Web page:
This session was moderated by Divya Datta from the Center for Knowledge Societies. It discussed ways in which participatory approaches to innovation in the rural context could be most effective. While there are some examples of innovations in the various sectors such as education, toilets and sanitation, and healthcare, including some projects that CKS itself has undertaken, there remains a lot to still be done. Given that all these grand social challenges are interlinked in different ways, the only means to achieving substantial positive change would be to look at these as a single network with many different arms. When viewing a community as well as all its problems as an organic whole, it becomes apparent that there is a need for the solution to be derived from the same perspective. Thus, only with the collaboration and coordination between all the different arms, or estates, or segments of a society can we hope for these problems to be overcome.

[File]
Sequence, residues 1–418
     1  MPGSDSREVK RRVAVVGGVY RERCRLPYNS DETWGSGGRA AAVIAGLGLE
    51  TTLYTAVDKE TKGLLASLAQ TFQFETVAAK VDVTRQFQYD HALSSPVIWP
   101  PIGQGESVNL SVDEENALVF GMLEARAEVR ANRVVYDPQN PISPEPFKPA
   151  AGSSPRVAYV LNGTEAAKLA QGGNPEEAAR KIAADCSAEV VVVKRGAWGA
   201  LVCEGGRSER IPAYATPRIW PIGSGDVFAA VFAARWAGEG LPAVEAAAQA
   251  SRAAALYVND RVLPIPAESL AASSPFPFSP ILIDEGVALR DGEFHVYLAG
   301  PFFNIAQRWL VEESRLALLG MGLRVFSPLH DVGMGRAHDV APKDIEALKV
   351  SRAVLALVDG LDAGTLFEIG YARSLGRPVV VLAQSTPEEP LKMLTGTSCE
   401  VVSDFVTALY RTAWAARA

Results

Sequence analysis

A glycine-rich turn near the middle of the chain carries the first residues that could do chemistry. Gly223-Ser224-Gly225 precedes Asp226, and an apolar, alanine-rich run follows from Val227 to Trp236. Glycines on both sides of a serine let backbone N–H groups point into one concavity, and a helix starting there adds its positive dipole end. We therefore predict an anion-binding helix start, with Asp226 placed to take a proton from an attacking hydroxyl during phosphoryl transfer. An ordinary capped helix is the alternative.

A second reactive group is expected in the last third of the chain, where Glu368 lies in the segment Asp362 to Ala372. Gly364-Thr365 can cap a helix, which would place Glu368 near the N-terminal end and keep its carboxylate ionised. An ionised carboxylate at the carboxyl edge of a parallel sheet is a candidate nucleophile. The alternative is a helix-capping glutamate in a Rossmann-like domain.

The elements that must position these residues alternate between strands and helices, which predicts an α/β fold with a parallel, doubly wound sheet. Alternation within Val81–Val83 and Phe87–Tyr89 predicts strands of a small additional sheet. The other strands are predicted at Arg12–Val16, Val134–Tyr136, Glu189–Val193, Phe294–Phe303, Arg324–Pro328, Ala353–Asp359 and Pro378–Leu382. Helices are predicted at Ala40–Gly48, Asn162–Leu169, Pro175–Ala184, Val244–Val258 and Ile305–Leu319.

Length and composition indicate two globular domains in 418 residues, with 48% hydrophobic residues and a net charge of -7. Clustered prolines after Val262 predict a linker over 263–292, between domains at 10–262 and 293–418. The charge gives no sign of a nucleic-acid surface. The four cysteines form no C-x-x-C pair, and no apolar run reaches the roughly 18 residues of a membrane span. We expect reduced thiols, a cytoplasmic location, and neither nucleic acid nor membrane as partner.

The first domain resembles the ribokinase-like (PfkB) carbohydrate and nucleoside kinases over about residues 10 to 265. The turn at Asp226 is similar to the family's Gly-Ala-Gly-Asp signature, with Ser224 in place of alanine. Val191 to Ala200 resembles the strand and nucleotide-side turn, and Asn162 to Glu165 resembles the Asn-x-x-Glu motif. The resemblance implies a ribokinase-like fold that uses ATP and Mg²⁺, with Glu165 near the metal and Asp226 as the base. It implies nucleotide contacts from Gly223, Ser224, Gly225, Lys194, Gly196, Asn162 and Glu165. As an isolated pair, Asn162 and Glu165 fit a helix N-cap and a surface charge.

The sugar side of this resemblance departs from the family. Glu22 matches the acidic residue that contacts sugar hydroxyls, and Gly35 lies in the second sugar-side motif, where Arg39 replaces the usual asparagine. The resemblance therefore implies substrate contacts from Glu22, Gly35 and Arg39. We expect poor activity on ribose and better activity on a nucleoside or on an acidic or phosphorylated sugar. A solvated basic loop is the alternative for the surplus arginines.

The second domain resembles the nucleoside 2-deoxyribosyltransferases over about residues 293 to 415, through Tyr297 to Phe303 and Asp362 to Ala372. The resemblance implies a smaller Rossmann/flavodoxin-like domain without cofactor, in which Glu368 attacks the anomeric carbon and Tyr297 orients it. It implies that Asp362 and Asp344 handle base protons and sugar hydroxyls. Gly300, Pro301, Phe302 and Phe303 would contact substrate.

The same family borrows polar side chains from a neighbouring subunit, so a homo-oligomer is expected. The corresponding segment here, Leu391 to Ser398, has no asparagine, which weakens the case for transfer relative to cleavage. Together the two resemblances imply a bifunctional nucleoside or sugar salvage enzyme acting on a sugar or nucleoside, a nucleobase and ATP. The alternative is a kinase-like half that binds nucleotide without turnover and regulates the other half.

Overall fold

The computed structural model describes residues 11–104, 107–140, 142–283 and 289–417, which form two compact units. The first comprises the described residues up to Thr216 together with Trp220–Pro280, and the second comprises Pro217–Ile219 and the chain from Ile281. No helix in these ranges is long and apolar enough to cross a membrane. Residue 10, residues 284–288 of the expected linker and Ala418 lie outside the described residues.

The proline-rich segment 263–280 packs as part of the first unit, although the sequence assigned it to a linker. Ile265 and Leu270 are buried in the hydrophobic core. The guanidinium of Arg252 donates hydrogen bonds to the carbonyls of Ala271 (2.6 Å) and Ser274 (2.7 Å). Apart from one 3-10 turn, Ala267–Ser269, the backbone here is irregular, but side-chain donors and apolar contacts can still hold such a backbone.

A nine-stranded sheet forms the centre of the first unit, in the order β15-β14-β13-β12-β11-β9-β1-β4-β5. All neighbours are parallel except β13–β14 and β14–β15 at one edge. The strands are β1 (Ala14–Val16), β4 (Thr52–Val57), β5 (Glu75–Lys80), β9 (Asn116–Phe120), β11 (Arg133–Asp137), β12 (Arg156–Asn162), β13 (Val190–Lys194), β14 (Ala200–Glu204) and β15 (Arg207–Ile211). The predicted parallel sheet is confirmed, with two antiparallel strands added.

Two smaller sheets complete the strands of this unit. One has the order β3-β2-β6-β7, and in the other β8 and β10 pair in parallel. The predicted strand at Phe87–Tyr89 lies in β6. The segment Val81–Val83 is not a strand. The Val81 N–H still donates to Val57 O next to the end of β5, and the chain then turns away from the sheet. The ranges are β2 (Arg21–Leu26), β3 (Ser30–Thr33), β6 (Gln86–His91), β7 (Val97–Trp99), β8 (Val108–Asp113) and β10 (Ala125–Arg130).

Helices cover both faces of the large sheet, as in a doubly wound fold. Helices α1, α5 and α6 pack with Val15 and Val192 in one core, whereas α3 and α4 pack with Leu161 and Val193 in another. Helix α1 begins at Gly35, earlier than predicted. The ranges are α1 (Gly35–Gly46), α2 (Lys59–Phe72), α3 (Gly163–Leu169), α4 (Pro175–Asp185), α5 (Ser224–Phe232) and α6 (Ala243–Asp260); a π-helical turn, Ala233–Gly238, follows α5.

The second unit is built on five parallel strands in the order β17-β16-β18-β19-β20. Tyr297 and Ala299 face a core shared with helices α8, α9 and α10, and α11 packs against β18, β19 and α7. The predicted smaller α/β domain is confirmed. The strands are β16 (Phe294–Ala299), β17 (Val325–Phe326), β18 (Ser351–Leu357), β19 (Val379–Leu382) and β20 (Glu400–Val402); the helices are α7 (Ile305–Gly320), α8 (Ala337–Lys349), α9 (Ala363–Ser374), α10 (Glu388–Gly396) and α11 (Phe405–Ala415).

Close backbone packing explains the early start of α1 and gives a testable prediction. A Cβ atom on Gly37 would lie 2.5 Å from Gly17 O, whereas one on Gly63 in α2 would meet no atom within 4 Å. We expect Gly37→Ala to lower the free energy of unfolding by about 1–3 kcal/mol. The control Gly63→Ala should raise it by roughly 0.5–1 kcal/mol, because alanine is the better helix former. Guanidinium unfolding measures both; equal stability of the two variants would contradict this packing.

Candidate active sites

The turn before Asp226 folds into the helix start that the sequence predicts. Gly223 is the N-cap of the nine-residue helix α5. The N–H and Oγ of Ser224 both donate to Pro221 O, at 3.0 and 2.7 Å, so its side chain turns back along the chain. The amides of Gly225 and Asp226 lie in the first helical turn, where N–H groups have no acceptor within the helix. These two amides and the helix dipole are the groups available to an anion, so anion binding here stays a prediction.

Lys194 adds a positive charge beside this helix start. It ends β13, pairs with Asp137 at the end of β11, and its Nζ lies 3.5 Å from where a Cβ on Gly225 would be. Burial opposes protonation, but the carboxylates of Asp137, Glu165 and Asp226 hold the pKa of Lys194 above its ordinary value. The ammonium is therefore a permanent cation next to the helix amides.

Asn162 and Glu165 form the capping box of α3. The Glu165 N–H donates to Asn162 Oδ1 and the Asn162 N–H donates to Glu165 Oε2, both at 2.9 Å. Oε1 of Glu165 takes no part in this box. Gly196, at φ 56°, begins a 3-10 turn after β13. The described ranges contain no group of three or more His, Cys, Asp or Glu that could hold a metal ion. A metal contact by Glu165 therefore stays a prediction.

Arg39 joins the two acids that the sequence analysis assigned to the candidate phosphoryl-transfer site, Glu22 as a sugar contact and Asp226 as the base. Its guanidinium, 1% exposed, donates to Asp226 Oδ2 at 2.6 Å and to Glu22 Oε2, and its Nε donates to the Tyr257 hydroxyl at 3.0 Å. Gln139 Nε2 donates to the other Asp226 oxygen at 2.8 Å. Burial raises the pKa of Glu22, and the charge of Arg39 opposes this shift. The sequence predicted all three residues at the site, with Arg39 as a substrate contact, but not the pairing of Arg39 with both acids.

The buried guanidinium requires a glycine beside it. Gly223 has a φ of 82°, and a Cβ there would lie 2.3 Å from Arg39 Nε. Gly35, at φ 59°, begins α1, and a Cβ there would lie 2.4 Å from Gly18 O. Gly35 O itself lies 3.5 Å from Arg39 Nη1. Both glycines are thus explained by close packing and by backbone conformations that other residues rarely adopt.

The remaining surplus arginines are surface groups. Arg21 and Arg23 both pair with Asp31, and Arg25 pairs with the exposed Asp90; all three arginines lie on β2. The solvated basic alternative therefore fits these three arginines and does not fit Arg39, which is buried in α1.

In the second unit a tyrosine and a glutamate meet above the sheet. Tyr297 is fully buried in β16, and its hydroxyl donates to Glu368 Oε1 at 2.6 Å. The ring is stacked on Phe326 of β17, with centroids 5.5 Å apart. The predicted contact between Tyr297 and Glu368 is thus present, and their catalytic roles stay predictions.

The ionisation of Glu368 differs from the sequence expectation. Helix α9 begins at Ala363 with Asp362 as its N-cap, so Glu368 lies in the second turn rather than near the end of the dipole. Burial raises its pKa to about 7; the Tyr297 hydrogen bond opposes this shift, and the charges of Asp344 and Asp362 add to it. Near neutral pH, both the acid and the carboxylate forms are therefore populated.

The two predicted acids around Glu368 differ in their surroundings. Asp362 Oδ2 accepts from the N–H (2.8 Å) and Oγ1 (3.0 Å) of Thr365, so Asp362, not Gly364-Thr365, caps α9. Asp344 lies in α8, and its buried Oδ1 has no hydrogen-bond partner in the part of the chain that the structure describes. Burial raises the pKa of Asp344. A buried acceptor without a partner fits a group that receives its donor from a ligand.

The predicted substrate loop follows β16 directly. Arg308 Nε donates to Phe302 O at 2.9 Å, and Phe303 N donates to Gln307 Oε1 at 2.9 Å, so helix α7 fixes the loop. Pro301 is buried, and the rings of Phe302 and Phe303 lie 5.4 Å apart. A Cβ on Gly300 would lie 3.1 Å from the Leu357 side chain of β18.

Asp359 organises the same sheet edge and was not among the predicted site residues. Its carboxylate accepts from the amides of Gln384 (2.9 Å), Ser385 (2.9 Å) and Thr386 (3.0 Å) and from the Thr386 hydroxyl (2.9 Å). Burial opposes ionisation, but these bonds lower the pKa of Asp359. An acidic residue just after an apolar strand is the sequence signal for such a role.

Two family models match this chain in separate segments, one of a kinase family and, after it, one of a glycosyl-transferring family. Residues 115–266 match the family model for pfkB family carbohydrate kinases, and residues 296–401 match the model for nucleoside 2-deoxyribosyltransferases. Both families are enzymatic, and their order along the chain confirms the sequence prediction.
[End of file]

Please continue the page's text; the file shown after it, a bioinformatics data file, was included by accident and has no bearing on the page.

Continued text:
The participants at the breakout then focused on how to create this kind of a collaborative platform for various stakeholders – from the citizens to the government, corporations, civil society organizations, bureaucrats, legislators and law enforcers and much more – to dialogue and exchange ideas and create new ways of working together and aligning their goals.
The session focused on the Bihar Innovation Lab as a basic model which could then be extrapolated and grown to also address other social innovation in addition to healthcare. A lot of participants pushed the idea of introducing the idea of an incubator within the framework of the innovation lab. This would enable a lot of grassroots innovations to be realized, scaled and made more effective.
This group also focused on the areas in which rural transformation (not Development) is required. Several answers to this question were voiced, including the empowerment of women, improving access in terms of roads and transport systems, education, inclusiveness and transparency.